Multitasking Advantages of iPhone

Discussion in 'Android General Discussions' started by zfly9, Apr 6, 2010.

  1. zfly9
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    zfly9 New Member

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    Multitasking Advantages over iPhone

    Ok I've always wondered this...

    What can the Droid do in terms of multitasking that the iPhone can't?

    Believe me I hate the iPhone just as much as the next man.. But my friends who have iPhones (we all have these friends) say that they can listen to music and browse the web..

    What is it that we can do that they can't (at least until they get OS 4.0)
  2. Abe21599
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    Abe21599 DF Super Moderator Rescue Squad

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    iphone CANT multitask..yet. i think OS4.0 comes out sometime soon which has some multitasking inc. but idk to what extent
  3. dodgersrgood
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    dodgersrgood New Member

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    All they can do is listen to music(the iPod app) that's all. No Pandora or anything. Just the music they have on their phone
  4. zfly9
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    zfly9 New Member

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    I don't think I asked it right.. I know they can't multitask. And I am asking what we can do exactly that the iPhone can't.

    So they can't listen to Pandora and browse the web? If they listen to Pandora they can't do anything else? Can they look through the contacts or anything...

    I'm confused here!
  5. meepstone
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    meepstone New Member

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    I think what he meant was you can listen to music on your iphone that you put on it from your computer and do other things. But, you cannot listen to music through pandora or another music app and use another app or browse web at same time.
  6. Abe21599
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    Abe21599 DF Super Moderator Rescue Squad

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    droid. i can play a game while texting with a person and check my emails (switch between apps - hold home button) while streaming music. other things too but that seemed sufficient
  7. zfly9
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    zfly9 New Member

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    Ok so the iPhone has to close out of the game when a text comes in? Or has to end Pandora to respond to a text?
  8. HermitObserver
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    HermitObserver New Member

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    If you're checking your email, listening to the stock browser, and suddenly receive a text message, you can go to the message by pulling down the notification bar, and your music will still be playing. Say there's a link in the message that you follow to a youtube video and your phone pauses your song and plays you the video. After the video finishes you remember about your email still having unread messages so you press either back a few times or hold the home button to see the last 6 apps used. When you get back to your email, you will be in the same message you left off on or scrolled the same amount down the list. Now clearly, the subject of this example as ADHD, but you get the point. The iPhone cannot do this. You'll have to reopen the music app, reload your email, and go back to the homescreen each time in between. Trust me, if you had to use one, you would notice it fast.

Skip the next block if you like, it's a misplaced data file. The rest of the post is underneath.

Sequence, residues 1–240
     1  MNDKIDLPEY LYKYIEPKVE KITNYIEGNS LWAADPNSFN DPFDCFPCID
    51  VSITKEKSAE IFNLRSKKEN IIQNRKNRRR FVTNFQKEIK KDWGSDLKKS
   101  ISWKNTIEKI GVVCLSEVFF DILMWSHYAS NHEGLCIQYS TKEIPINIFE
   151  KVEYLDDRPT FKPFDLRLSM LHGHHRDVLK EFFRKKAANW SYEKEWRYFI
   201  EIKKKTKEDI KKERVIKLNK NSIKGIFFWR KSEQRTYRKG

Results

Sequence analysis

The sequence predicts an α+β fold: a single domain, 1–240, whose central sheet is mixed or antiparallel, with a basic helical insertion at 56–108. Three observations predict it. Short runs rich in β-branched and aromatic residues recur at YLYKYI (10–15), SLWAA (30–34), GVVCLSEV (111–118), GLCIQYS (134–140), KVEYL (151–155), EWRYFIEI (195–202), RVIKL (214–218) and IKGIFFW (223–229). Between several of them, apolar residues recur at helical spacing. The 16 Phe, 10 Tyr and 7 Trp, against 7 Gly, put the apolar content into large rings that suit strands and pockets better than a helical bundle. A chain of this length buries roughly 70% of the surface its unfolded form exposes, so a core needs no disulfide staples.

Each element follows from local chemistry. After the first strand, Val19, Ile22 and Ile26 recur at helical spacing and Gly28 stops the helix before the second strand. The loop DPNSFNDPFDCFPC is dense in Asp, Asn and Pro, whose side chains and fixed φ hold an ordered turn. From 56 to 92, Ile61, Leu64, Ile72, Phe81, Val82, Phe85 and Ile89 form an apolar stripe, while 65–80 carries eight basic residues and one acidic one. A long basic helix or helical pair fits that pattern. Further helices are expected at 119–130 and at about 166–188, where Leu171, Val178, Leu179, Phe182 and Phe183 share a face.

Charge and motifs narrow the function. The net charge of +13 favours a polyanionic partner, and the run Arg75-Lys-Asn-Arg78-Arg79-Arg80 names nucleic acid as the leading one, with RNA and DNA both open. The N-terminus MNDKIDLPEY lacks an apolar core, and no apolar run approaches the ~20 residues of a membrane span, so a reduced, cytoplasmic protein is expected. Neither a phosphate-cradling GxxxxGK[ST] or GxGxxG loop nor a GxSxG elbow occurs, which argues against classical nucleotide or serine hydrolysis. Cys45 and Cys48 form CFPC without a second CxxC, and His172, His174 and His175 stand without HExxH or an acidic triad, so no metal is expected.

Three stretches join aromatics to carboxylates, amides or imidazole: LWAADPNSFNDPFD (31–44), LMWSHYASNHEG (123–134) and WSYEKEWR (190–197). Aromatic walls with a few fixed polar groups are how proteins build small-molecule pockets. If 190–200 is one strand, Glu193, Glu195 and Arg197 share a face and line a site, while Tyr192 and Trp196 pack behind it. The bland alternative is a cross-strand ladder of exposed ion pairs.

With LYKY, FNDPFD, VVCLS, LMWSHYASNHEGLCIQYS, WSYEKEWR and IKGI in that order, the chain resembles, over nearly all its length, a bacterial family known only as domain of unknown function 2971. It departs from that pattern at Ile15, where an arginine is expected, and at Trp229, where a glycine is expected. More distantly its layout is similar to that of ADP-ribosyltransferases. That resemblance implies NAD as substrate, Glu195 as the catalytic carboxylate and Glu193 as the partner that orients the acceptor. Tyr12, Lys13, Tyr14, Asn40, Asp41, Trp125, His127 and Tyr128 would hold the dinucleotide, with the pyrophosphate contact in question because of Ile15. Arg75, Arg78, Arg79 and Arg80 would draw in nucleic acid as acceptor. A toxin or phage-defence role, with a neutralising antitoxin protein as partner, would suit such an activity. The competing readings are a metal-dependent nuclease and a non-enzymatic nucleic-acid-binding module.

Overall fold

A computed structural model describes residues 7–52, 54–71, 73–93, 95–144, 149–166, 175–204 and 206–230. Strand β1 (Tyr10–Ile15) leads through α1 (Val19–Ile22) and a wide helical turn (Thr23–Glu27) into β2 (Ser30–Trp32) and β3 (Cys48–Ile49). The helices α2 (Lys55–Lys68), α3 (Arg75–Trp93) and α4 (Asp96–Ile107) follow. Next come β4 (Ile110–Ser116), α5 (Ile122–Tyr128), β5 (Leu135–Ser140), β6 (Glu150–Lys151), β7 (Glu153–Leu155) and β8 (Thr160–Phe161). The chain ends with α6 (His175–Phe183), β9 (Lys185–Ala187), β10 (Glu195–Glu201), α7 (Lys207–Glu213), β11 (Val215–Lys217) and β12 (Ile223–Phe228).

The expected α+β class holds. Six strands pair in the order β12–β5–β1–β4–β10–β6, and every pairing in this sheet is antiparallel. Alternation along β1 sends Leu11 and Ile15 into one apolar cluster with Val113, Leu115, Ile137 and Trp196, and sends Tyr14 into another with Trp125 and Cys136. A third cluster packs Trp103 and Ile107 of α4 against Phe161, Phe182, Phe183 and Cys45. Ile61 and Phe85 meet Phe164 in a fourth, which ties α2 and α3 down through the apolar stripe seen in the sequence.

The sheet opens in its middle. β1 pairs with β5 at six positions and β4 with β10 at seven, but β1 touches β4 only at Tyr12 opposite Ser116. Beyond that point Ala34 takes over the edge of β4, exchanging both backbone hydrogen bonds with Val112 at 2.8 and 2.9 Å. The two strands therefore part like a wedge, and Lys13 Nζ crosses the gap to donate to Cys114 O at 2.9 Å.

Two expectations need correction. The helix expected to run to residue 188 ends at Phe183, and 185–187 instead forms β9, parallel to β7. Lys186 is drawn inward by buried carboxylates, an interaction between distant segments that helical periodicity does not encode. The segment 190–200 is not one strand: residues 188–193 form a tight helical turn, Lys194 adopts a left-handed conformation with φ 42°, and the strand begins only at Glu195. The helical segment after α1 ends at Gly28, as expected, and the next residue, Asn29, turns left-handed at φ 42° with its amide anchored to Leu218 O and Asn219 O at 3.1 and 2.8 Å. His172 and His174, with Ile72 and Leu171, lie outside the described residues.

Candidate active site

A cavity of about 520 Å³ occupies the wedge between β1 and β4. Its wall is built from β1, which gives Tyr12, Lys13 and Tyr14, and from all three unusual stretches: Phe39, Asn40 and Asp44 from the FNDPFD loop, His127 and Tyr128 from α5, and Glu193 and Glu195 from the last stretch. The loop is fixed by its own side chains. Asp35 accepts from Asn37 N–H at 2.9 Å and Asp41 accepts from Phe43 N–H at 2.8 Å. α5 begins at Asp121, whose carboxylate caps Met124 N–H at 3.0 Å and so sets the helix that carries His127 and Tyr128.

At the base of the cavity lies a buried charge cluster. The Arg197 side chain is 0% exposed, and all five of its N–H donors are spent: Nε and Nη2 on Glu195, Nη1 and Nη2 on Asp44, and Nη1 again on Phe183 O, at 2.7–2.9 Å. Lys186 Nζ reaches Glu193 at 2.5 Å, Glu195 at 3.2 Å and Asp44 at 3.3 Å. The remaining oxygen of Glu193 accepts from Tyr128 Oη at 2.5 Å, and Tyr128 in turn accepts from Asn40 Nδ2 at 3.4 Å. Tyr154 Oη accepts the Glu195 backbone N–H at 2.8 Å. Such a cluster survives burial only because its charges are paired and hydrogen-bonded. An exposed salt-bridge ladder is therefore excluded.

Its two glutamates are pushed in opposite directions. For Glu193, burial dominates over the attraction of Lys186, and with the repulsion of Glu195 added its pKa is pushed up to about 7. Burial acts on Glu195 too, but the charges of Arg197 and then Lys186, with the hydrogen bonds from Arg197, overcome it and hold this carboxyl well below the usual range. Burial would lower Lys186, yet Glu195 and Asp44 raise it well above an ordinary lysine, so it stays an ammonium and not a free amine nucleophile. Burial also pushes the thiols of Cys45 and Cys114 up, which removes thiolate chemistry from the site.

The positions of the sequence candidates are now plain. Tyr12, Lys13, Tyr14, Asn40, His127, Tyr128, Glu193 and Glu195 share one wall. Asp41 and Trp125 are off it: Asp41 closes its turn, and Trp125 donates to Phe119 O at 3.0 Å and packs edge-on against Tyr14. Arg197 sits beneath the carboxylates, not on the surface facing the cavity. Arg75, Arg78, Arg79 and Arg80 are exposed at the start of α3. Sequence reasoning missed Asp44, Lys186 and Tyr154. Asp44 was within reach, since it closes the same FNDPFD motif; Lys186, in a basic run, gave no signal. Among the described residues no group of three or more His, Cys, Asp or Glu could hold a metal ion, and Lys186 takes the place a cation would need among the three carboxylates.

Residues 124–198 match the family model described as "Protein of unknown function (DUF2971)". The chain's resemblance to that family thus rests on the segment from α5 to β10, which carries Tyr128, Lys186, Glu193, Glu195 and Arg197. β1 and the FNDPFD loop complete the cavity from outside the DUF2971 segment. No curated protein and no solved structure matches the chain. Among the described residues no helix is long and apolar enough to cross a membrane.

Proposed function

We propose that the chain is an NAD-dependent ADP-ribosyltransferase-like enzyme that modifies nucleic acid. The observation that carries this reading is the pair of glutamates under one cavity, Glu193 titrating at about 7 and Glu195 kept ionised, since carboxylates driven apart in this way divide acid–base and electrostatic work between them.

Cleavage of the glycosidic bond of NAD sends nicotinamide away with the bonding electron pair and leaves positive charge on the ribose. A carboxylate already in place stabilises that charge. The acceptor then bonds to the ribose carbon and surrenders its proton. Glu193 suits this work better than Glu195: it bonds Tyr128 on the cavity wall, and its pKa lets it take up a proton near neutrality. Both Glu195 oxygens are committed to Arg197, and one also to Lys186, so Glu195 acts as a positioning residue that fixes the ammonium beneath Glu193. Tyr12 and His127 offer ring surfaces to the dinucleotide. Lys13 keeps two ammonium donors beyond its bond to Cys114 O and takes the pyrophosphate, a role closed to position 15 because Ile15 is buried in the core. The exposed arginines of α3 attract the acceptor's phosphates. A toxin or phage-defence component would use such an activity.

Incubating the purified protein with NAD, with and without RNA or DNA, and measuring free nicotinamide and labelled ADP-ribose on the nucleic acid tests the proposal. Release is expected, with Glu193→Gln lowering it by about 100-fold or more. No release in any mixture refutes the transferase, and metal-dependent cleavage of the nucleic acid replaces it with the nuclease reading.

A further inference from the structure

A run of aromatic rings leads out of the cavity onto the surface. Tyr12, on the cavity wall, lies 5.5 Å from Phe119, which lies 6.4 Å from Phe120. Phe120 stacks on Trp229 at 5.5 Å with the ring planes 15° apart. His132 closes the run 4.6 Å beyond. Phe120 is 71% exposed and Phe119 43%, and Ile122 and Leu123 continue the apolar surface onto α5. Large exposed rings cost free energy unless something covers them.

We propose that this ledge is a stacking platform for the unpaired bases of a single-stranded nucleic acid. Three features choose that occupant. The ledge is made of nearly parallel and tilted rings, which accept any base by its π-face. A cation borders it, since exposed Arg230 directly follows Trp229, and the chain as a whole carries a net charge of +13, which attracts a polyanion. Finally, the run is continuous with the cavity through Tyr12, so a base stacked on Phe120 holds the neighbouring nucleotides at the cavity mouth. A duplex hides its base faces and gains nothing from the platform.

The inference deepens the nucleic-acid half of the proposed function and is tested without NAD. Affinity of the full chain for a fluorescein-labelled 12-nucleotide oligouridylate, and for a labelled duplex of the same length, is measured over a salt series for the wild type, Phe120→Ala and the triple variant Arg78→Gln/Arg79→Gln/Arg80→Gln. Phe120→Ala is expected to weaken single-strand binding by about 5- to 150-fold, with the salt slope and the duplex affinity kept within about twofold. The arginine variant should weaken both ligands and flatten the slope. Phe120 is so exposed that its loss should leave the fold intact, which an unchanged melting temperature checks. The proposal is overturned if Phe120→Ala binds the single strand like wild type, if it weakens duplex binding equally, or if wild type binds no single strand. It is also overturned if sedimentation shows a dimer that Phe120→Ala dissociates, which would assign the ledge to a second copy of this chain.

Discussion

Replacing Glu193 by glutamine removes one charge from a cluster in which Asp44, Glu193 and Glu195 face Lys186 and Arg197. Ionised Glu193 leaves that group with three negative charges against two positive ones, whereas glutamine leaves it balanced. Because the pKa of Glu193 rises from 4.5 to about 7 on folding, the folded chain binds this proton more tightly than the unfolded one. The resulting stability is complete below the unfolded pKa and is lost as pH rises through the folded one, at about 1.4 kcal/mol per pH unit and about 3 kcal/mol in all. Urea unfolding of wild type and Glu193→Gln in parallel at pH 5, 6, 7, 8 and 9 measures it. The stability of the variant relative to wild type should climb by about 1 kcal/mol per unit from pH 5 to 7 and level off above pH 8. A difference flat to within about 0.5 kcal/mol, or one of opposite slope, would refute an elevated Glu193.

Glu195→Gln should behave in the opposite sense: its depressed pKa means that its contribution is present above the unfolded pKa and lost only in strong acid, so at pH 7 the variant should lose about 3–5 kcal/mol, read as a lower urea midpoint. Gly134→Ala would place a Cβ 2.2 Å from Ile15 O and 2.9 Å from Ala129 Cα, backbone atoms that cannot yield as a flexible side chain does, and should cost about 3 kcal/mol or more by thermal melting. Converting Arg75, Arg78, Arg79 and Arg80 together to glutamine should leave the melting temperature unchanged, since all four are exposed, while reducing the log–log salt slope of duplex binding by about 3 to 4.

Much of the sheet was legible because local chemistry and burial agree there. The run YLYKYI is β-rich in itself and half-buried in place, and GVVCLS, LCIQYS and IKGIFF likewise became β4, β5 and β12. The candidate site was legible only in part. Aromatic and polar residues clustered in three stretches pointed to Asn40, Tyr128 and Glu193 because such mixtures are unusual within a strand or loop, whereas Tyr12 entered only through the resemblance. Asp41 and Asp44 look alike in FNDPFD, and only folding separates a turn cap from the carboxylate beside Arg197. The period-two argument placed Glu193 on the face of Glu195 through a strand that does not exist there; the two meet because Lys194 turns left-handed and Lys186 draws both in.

9. HermitObserver
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    HermitObserver New Member

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    Yes, and then reload the game to resume.
  10. jsh1120
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    jsh1120 New Member

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    Sorry. Not true. Multitasking is a function of the operating system and the iPhone o/s multitasks just as Android does. Both emerge from a long line of multitasking operating systems that began with Unix and continues through Linux and Apple's own operating system.

    The difference between the Android platform and the iPhone is that the latter does not allow multitasking for THIRD PARTY APPLICATIONS. Thus, the iPhone can play music and browse the web at the same time because each application is tied wrist and ankle to the iPhone O/S.

    (Note: Don't confuse this with the talk and surf simultaneously issue. That has to do with the CDMA vs GSM networks on which Verizon and AT&T operate.)

    In the Android environment there is essentially no restriction on multitasking among applications, whether part of the o/s or external applications. This introduces both much greater flexibility and potential memory management problems not experienced by the iPhone.
  11. ldimick
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    ldimick New Member

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    Yes. The developer has to include code to save the game state at the time of closing to make it appear to be paused. You cannot open a web page and move to something else while it opens the page. They do it this way to maintain the appearance of smoothness. It is not a problem for all people. But for users who like to have freedom of choice for options and software it is a deal breaker.
  12. Johnly
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    Johnly Guest

    One thing that pisses me, is the iPhone can surf the web while on a call. But at least I can run multiple apps! I can't remember the last time someone was on a game show and called me for an answer! ha ha
  13. jsh1120